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Hot Module Reloading with Stateless Components

One thing that can be a challenge when getting started with MobX (and React in general) is understanding why Hot Module Reloading (HMR) sometimes breaks. When you initially get it working, it seems like magic (and it kind of is), however there's at least one rough edge with regard to HMR and React: stateless components. Since stateless components don't explicitly identify themselves as React components, HMR doesn't quite know what to do with them, and so you'll often see warnings in your console like this:

[HMR] The following modules couldn't be hot updated: (Full reload needed)
This is usually because the modules which have changed (and their parents) do not know how to hot reload themselves. See http://webpack.github.io/docs/hot-module-replacement-with-webpack.html for more details.
[HMR]  - ./src/ToDoItem.jsx

This is especially apparent when you start working with MobX since observables make it really easy to create a lot of stateless components. Here are some tips for how to build your stateless components and still get all the advantages of HMR:

Use function declarations instead of arrow functions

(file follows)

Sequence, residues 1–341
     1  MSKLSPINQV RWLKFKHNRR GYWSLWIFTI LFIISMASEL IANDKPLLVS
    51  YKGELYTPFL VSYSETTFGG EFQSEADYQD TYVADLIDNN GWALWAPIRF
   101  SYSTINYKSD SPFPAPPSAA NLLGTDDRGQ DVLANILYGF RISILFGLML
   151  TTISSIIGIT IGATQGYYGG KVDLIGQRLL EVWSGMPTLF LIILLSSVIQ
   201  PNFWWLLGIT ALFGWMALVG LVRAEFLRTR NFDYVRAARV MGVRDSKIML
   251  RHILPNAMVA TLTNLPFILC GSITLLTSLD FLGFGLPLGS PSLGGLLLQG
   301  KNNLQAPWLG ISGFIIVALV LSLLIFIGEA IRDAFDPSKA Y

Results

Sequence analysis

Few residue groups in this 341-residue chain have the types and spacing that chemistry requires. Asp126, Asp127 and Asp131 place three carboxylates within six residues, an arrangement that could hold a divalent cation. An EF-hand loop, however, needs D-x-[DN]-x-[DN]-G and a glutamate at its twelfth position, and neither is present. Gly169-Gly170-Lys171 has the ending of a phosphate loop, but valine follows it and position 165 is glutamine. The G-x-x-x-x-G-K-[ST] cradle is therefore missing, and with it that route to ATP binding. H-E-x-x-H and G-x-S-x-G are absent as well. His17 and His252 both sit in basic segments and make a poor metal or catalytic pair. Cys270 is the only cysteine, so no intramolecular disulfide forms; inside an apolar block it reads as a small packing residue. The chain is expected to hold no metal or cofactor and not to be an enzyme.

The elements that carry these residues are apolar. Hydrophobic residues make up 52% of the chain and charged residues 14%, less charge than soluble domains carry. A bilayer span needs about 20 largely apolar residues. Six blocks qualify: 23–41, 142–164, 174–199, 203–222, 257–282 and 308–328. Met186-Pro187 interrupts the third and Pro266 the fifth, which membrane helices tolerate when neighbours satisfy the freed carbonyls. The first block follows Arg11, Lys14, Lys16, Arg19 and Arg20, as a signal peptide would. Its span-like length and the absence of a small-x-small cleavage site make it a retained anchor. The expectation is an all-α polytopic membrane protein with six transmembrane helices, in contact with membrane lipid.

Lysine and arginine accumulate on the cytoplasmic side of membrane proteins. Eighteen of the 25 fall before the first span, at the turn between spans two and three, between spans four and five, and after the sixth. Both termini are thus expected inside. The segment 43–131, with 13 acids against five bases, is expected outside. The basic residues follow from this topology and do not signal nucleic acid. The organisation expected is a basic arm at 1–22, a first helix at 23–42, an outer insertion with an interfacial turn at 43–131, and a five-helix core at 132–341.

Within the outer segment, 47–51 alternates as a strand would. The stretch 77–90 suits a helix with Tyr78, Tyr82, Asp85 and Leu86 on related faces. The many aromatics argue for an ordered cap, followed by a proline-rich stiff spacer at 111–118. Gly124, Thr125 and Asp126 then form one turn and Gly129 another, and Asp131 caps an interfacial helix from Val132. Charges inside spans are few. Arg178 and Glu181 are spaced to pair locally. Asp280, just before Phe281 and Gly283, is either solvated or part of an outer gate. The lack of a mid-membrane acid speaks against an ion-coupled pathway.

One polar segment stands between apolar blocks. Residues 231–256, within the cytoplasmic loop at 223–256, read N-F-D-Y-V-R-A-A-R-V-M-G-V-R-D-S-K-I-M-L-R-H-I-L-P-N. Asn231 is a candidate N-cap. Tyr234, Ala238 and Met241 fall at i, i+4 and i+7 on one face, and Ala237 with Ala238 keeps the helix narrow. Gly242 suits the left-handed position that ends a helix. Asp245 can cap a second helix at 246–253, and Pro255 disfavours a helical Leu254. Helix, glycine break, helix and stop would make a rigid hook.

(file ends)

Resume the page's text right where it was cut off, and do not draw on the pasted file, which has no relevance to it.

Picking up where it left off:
Function declarations still do the exact same thing as arrow functions, but they have the key advantage of actually having names inside of the React DevTools.

For instance, here's a stateless component built with an arrow function:

const ToDoItem = observer(props => <div>{props.item}</div>);

export default ToDoItem;

And here's how that will appear in the React DevTools:

devtools-noname

On the other hand, using a function declaration will allow you to build the same stateless component AND see it in the DevTools:

function ToDoItem(props) {
  return <div>{props.item}</div>
}

export default observer(ToDoItem);

And now the component shows up correctly in the DevTools:

devtools-withname

Make sure your top-level component is a stateful observer

By "stateful observer", all I really mean is a component created with React.Component or React.createClass and which uses the @observer decorator, like so:

import { observer } from 'mobx-react';

@observer
class App extends React.Component {
  constructor(props) {
    super(props);
    this.store = props.store;
  }

  render() {
    return (
      <div className="container">
        <h2>Todos:</h2>
        {
          this.store.todos.map((t, idx) => <ToDoItem key={idx} item={t}/>)
        }
      </div>
    );
  }
}

In this case, ToDoItem is stateless, but will still work with HMR because the root-level of the UI tree is a stateful observer. As a result, whenever we change any stateless component, it will be hot-reloaded because the observers will trigger computations in the root-level component as well. And since the root-level component is a good old-fashioned React component, it'll trigger the HMR for all of its children and voila! All the magic of stateless components, observables, and hot module reloading working together beautifully.